The state pension age could rise to 68 by the end of the 2030s, 11 years earlier than planned, meaning millions of Britons will have to stay in work longer before they can claim their Government-funded pension. But do you support the state pension age rise being brought forward? Vote in our poll.
The current state pension age is 66 for both men and women, increasing to 67 between 2026 and 2028. A further increase to 68 was not due to occur until 2046 but the Government could bring this forward to 2035, earning billions for the Treasury.
Ministers are obliged to regularly review the state pension age under the Pensions Act 2014, with the latest decision expected in May this year, according to the House of Commons library.
A Department for Work and Pensions source said: “The Government is currently undertaking a review of the state pension age as it is legally obliged to do, taking into account two independent reports and a wide range of evidence.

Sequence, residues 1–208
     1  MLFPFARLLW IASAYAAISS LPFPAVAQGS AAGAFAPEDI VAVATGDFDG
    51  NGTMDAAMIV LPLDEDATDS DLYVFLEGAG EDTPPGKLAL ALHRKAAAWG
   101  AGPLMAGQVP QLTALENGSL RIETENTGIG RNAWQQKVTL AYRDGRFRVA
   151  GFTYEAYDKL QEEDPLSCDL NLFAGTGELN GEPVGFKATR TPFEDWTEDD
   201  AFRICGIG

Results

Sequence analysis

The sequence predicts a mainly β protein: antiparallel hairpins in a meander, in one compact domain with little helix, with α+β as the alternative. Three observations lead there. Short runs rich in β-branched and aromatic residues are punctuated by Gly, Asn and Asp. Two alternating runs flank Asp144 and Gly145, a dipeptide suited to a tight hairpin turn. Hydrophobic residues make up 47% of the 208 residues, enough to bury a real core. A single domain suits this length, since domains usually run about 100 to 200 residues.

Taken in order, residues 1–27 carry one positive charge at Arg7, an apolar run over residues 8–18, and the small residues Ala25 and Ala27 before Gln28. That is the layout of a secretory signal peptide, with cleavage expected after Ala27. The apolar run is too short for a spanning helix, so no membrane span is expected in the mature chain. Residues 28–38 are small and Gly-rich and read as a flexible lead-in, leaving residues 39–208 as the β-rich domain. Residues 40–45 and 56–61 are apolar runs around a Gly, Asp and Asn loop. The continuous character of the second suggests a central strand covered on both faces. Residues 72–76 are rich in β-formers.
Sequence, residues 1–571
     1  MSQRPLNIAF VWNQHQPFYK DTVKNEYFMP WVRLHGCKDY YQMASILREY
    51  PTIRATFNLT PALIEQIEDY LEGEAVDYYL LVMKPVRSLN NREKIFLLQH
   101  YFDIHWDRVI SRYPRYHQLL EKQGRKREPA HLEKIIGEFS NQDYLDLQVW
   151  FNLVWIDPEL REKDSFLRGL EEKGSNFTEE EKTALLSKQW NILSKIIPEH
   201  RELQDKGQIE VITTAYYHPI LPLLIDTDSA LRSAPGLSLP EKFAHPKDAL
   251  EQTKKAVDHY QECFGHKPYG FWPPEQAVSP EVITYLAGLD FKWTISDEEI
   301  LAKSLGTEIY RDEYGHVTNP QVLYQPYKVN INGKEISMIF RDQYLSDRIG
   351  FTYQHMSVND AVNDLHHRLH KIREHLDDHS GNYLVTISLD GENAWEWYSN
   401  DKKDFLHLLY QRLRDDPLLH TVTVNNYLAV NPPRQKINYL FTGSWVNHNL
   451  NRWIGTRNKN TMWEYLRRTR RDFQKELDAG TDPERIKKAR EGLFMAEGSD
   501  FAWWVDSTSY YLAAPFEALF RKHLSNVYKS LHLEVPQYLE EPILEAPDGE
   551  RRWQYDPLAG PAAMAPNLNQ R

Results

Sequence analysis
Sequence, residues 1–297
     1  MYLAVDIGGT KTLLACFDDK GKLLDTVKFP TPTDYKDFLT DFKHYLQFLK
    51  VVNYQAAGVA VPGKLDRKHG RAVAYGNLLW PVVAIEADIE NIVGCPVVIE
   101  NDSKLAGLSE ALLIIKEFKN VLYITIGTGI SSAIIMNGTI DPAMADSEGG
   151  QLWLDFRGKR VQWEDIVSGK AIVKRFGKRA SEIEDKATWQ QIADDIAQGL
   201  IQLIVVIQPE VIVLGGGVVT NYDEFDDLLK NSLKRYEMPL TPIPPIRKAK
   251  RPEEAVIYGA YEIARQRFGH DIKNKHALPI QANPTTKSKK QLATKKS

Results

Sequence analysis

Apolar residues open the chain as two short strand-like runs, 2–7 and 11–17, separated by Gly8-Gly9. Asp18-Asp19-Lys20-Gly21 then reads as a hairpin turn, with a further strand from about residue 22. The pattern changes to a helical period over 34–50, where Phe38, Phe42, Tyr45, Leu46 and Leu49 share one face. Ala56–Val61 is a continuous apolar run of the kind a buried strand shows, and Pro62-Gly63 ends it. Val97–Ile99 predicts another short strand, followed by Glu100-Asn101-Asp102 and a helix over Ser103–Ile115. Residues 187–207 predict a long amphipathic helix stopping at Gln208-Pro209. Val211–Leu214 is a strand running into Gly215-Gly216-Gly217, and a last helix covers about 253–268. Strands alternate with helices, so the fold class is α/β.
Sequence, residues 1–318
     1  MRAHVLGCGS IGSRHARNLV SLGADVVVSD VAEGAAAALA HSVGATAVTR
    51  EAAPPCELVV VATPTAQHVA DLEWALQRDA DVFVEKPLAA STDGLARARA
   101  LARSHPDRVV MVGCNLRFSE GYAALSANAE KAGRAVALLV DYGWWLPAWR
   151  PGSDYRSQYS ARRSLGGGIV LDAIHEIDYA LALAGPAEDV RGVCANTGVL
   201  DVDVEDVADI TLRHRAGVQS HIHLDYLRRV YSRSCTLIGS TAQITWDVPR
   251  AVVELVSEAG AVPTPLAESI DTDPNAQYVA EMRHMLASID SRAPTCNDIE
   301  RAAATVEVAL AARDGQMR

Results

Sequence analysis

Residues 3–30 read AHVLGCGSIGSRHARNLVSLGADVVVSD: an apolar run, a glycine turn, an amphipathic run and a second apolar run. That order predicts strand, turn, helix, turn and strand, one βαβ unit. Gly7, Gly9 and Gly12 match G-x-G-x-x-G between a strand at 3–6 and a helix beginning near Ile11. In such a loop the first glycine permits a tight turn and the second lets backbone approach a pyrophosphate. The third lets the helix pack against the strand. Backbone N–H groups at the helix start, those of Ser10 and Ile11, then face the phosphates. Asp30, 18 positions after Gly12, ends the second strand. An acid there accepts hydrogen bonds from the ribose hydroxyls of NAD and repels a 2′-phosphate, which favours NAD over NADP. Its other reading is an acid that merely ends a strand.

“When reaching his recommendation on the state pension age moving to 68, taking into account all the latest evidence, including projections on life expectancy, the Secretary of State is absolutely clear on the need for fairness for our pensioners across the country to be at the forefront.”
Campaigners have warned that raising the retirement age would force tens of thousands of older people into poverty. Dennis Reed, director of campaign group Silver Voices, said there is “no justification” for any rises in the state pension “at the current time or indeed in the next decade”. He explained that life expectancy is no longer rising meaning the previous defence for increases “no longer holds”.
So what do YOU think? Do you support the state pension age rise being brought forward? Vote in our poll and leave your thoughts in the comment section below.